Thanks to a recent study by SolarPulse, a Denver-based energy company, I’ve begun to reexamine some of my assumptions about the politics of solar energy. For a long time, I’ve accepted the “conventional wisdom” that Republicans in general are skeptical about global warming and cool to solar energy while Democrats in general hold the opposite views.

The truth may be more complicated. SolarPulse studied data on investment in 25,000 household solar panels in California over the period 1997-2015 and found that homes in Republican-leaning districts were five times more likely to invest in residential solar panels installed in the past five years. Digging deeper, SolarPulse found that neither income nor party affiliation explained the difference. Instead, residents in sunny, dry and less populated areas invested much more heavily in solar – a hard-headed, pragmatic calculation unfettered by partisanship. “If all politics is local, then solar panels aren’t political at all” was SolarPulse’s conclusion.

Here’s a second piece of evidence that the partisan divide may not be as wide nor as intractable as often imagined. According to another study conducted by Yale and George Mason University professors, a significant shift is underway in voter attitudes on the causes and seriousness of global warming.   Substantial differences of opinion and belief persist, but they are narrowing even among conservative voters.

Even more importantly, a majority of registered voters across the spectrum tend to support specific policies and programs to reduce carbon emissions and to promote clean energy. For example, the Yale-GMU study found that

  • “Funding more research into renewable energy sources such as solar and wind power (84% of all registered voters, 91% of  Democrats, 87% of Independents, and 75% of Republicans).
  • “Providing tax rebates to people who purchase energy-efficient vehicles or solar panels (81% of all registered voters, 91% of Democrats, 84% of Independents, and 70% of Republicans).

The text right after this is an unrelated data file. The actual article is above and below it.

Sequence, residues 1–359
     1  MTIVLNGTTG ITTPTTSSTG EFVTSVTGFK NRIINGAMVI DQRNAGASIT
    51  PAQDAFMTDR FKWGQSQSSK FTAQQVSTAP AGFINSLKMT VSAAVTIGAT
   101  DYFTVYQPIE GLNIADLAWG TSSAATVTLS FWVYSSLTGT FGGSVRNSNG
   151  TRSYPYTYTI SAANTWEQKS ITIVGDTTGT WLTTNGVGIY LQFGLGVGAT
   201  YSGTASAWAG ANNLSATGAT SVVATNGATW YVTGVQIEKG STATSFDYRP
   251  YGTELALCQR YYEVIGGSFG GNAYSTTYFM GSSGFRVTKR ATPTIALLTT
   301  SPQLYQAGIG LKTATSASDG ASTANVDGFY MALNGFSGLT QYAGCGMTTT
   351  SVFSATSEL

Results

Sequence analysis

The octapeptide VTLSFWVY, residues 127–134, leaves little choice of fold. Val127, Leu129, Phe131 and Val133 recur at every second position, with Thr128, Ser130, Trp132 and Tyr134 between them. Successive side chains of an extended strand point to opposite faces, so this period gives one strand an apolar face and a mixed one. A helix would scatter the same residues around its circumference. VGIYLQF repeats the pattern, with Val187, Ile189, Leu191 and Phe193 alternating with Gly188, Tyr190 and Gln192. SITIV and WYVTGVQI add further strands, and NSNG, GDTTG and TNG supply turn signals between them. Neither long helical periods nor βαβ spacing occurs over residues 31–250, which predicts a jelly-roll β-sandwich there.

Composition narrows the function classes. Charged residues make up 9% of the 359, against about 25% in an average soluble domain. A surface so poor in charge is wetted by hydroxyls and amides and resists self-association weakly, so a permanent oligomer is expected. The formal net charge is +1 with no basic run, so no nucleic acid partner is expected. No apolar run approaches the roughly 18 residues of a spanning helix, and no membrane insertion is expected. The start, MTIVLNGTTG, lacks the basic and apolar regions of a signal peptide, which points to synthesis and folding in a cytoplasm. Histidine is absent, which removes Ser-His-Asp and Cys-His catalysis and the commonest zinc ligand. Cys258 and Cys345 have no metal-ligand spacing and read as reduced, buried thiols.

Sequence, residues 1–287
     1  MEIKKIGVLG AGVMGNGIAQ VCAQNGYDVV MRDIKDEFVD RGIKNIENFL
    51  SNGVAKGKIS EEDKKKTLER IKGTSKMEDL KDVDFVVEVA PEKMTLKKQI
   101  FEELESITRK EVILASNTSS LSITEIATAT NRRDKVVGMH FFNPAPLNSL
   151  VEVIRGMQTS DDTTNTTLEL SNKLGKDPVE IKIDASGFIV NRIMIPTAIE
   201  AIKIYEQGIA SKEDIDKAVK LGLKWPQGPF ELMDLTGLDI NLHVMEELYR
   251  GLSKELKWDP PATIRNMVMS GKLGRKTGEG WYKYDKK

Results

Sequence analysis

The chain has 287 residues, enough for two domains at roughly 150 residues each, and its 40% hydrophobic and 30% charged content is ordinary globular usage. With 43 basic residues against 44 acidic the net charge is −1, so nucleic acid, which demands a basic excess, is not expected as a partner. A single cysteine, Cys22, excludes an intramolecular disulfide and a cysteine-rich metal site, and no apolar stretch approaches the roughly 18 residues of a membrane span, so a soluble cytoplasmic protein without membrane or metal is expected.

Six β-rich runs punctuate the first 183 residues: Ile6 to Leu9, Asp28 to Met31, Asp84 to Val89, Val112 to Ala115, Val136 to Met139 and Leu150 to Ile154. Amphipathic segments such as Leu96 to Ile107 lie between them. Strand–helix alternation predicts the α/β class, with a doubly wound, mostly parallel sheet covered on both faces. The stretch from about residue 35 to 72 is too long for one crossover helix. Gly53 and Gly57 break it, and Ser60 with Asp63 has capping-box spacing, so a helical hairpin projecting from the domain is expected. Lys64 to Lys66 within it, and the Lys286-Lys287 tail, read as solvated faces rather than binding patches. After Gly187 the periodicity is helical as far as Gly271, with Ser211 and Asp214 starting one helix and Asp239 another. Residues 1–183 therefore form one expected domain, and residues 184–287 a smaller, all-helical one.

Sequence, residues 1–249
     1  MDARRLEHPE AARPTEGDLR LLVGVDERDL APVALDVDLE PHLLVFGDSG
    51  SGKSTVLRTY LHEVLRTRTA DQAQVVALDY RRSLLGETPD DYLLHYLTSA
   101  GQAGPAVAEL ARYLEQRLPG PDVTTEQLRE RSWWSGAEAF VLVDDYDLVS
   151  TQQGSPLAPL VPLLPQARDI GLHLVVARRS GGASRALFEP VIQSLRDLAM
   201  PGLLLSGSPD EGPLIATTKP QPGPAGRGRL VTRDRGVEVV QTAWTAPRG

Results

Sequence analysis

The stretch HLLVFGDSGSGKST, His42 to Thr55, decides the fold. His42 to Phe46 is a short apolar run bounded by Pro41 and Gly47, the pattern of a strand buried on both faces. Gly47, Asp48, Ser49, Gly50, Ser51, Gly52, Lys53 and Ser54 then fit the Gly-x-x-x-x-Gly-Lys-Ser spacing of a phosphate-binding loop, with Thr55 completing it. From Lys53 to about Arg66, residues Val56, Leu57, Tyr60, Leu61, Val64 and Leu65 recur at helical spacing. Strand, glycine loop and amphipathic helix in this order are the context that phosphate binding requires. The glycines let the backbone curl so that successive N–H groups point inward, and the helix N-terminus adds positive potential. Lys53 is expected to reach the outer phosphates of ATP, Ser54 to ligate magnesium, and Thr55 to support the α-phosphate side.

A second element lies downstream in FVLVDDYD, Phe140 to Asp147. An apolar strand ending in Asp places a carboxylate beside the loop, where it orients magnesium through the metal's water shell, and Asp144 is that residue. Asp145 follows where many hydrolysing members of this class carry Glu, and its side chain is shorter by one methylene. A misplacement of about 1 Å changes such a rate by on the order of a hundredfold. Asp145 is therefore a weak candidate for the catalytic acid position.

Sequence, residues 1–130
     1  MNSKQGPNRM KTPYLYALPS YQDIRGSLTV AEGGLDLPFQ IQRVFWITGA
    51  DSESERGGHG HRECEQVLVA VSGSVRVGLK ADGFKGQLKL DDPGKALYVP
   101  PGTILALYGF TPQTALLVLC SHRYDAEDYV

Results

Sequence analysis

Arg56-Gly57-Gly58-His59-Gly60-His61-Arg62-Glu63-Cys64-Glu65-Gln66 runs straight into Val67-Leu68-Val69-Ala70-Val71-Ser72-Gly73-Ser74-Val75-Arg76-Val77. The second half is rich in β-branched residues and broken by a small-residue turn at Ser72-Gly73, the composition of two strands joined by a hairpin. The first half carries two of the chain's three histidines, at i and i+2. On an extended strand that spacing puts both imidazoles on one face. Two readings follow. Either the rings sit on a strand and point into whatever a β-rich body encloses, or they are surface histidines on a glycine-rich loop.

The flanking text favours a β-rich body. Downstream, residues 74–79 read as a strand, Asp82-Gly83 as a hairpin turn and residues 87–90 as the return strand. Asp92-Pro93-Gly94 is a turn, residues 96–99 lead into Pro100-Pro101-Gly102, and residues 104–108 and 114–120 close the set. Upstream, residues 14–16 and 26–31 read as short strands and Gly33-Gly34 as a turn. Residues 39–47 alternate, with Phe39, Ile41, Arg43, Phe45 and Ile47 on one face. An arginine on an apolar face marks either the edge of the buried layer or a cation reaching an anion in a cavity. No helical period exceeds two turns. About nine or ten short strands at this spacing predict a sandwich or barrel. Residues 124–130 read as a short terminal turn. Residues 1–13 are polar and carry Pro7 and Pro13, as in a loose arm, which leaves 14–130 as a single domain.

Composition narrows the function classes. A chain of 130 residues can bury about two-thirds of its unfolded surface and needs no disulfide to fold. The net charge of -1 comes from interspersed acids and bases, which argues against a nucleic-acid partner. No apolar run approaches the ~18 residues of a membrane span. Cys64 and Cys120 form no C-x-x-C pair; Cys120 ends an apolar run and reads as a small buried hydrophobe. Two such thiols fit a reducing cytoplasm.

• “Regulating carbon dioxide as a pollutant (75% of all registered voters, 88% of Democrats, 78% of Independents, and 61% of Republicans).
  • “Requiring fossil fuel companies to pay a carbon tax and using the money to reduce other taxes such as income taxes by an equal amount (68% of all registered voters, 86% of Democrats, 66% of Independents, and 47% of Republicans).”

These results suggest that the stage might be set for a new, more ambitious political consensus on solar energy. The New York Times has reported that the major difference between rank-and-file members of the two major parties is the intensity of their interest in acting on climate change; it’s not a matter of their concern but of their priority they attach to it. Perhaps we can drop the ideological assumptions, broad generalizations and misleading labels that hinder productive discussion of energy issues. Instead, perhaps we can focus pragmatically on issues such as the increasing efficiency and cost competitiveness of solar energy, its most appropriate role in production by and for electric utilities, and the potential for using solar energy to reduce the cost of living and raise the income for less prosperous Americans in cities as well as more isolated rural areas.

American voters seem ready for such a serious effort. The question is, are the leaders ready to lead?